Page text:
1. First, grab a tarp and put it out in the sun.
  2. Dump a bucket of your worm-laden compost in on the tarp and make a dome shaped pile.
  3. Place another empty bucket next to you with a handful of compost in it. This will be your worm bucket.
  4. Take the compost from the sides of your hill and pile it on top, continuing to make it a hill shape. The worms will flee away from the sun to the inner part of your hill. They naturally feel the vibration of your hands moving the dirt on the outside of the hill and they crawl hellbent for the center.
  5. As you collect compost from the outside of the hill and sift through it, place all worms that you find into your worm bucket. Place all compost into your other empty bucket. This is the gold you can save to fertilize your gardens.
  6. As you work through all of the compost on the sides of the hill, you’ll end up with a big worm ball in the center. Take the ball and place it in your worm bucket which you can then return to your worm composter so they continue to eat through your organics. Be sure to have some of their favorite fodder left there for them and enough moisture in your compost bin to help them work their way back inside your compost pile.

    Here’s a video of a handful of worms found in the center of my compost hill:

    If you run across any eggs, be sure to put them back into your compost bin. Here’s what the eggs look like:

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    And this is what they look like in the compost:

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Do you have any worm stories to share?

Shredded Paper Chicken Bedding

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It’s simple. Just ask your friends and neighbors for their shredded paper. Don’t buy wood shavings! You really don’t need to. Since shredded paper can’t be recycled in most municipalities, and your friends will be happy to give you theirs. Or, hit up your office, or friends who work in an office setting. All I can say is, this stuff is great as chicken bedding in a coop.

Shredded Paper Bedding Photo © Liesl Clark

When it’s time to clean out your chicken coop. Put the paper and chicken droppings in your compost bin. It’ll get that bin cooking, adding much-needed nitrogen to your organic waste. My compost bins are a red-worm mega-composting colonies. It doesn’t take long for the dropping-laden shredded paper to turn into this:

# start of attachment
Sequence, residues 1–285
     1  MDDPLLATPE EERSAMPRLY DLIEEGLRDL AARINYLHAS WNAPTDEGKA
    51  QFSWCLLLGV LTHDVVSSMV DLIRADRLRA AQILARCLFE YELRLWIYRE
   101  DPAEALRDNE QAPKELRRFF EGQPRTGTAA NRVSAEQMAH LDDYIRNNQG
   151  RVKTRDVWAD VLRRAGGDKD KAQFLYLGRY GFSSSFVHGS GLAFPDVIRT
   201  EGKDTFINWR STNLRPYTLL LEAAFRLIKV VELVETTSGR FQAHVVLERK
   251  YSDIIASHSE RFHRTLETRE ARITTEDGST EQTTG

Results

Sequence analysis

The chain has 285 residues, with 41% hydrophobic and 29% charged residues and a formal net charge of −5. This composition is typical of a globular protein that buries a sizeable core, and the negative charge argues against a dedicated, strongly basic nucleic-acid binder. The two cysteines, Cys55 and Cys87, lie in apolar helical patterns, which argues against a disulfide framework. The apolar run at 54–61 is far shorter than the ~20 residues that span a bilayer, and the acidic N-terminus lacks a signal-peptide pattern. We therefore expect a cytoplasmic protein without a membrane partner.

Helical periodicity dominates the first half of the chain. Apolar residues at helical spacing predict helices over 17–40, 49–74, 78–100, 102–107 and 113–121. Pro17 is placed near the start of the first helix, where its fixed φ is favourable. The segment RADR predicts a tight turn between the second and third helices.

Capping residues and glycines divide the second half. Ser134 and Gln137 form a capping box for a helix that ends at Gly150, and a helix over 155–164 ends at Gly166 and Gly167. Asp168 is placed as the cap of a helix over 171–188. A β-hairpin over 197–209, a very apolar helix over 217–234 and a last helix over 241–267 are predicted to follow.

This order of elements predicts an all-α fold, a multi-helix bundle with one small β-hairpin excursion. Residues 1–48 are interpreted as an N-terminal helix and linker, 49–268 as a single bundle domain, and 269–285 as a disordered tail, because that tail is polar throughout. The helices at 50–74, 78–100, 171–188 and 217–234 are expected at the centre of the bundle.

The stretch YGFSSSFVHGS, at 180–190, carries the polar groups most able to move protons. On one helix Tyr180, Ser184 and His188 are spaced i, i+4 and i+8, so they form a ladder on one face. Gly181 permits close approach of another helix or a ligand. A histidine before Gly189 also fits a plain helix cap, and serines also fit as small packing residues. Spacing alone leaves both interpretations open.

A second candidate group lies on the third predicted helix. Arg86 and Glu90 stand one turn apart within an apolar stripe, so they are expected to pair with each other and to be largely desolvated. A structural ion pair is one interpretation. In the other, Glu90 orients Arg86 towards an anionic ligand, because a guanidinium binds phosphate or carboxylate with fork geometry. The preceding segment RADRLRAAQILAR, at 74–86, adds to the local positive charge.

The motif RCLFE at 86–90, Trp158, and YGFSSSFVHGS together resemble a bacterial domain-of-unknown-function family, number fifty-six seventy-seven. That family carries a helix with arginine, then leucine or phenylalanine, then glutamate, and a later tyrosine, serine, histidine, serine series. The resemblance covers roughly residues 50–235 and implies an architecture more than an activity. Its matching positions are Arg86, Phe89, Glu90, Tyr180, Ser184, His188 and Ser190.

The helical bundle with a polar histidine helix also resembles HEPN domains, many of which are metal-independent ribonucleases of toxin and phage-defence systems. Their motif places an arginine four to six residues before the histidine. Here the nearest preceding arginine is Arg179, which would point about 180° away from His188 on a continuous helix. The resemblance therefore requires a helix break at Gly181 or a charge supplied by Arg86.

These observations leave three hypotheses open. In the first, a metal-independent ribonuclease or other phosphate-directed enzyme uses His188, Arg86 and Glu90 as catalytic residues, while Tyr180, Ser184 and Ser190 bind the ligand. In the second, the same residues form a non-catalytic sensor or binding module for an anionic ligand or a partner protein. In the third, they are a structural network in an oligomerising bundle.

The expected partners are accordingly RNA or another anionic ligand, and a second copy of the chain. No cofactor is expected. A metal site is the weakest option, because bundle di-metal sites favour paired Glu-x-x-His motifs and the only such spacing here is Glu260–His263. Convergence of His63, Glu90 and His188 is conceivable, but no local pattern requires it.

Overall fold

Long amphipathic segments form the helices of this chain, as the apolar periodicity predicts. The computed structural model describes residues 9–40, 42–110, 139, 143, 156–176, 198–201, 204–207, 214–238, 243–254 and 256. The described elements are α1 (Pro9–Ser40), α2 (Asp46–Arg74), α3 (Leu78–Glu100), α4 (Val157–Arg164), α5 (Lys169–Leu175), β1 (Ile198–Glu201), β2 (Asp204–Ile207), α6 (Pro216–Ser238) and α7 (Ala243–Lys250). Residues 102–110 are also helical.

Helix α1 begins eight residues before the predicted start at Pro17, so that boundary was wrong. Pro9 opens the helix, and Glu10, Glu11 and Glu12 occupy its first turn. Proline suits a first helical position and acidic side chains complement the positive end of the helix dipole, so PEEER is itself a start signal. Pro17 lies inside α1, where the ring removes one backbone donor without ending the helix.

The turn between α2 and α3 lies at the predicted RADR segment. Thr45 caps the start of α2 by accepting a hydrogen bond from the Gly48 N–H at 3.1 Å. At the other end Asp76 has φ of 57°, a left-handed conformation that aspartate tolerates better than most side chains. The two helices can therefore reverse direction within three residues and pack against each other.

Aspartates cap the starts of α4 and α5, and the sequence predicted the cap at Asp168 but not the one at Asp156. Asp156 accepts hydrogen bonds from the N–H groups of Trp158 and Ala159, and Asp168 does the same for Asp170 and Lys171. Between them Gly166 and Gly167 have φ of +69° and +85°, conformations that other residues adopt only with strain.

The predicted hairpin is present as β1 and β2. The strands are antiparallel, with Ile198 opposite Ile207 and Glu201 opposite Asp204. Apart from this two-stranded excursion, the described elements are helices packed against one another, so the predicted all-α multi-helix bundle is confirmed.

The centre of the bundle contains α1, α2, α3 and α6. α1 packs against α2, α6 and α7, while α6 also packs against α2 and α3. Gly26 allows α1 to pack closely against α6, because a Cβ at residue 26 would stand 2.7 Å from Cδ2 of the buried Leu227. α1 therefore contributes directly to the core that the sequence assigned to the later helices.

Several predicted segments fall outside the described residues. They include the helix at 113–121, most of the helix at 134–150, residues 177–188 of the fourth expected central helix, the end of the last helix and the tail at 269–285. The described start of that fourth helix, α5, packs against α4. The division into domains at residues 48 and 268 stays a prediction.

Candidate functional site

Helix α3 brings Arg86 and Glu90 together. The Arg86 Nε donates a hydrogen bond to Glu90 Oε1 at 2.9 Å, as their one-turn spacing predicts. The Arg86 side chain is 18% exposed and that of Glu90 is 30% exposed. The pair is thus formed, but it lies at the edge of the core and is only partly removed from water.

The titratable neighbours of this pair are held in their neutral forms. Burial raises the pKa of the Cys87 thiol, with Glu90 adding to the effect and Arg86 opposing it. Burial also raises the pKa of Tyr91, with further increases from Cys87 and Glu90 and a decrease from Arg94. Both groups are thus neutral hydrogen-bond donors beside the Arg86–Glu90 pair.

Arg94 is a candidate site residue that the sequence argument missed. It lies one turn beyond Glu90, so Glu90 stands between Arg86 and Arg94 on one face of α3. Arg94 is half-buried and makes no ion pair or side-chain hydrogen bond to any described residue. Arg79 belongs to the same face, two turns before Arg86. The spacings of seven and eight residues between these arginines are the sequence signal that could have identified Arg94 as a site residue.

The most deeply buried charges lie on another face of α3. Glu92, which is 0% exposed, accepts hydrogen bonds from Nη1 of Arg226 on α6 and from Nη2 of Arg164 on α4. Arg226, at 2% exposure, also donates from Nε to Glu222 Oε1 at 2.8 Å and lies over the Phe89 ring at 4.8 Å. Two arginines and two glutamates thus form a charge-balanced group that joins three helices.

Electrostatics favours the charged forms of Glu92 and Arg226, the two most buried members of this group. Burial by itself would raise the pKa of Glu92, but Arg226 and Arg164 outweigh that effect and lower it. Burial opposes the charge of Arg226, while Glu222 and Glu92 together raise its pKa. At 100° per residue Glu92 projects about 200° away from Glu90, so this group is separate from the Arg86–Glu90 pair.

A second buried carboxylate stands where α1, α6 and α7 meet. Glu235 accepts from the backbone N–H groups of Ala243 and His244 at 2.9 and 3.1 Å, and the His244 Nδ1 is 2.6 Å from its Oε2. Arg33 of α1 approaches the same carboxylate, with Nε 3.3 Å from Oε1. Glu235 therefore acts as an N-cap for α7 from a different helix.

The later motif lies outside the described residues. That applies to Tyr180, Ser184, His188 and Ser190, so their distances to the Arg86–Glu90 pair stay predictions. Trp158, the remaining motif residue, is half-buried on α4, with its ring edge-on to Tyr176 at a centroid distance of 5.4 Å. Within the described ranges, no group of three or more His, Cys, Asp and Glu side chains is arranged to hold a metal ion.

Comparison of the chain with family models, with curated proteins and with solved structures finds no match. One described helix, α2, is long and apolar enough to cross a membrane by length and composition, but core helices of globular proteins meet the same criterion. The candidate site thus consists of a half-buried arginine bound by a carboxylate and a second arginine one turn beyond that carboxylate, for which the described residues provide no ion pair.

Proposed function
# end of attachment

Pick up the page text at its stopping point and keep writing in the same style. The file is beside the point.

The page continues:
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And when you take that beautiful compost out to the garden and dress your veggie beds with it, you’ll get this:

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Corn Mache in January. It grows in the early winter here in the Northwest. Great for salads.

What do you use for chicken bedding? Please let us know!

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Chicken Yard = World’s Best Composter

Our chicken yard serves 2 purposes: It’s the playground for our feathered friends but it’s also a great source of beautiful compost for our gardens. We don’t allow our girls to roam free because of the challenge of predators nearby like bald eagles, red tail hawks, raccoons, and mink. We’ve provided the chickens with enough space to run around, have dust baths, and roost. And since we can’t let them roam about the yard, we bring the yard to them!

If you can't free range your yard birds, bring the yard to them. Grass clippings and leaves line our chicken run. Photo © Liesl Clark

This little chicken farming trick is the best trash hack we’ve brought to our hen yard. Much like the practices of Joel Salatin’s Polyface Farm, mimicking natural patterns on a domestic scale, we believe our chickens should work for us in producing the best organic matter for our crops and vice versa.

Full circle: Garden waste --> chicken yard --> garden again. Photo © Liesl Clark

When we mow the lawn, the waste from that effort, the grass clippings, are dumped in there for the girls to munch. When we rake the fall leaves, the waste from that practice is thrown in by the wheelbarrowload. Even our garden clippings and weeds go in the hen run. It’s salad for them. The level of the hen yard, after a few months of this is raised significantly, but the endless scratching, pooping, and pecking breaks the organics down at a remarkably fast rate. And the end-product? After only a few weeks of being in the yard, we have the best compost I’ve ever seen. Waste to gold that’ll go on our veggie beds and back on the lawn to be put back to use again. It’s a truly closed loop practice and I revel in the circles I move in daily around the property, completing this life and food-giving cycle of the natural world.

Perfect chicken-generated compost from our coop yard. Photo © Liesl Clark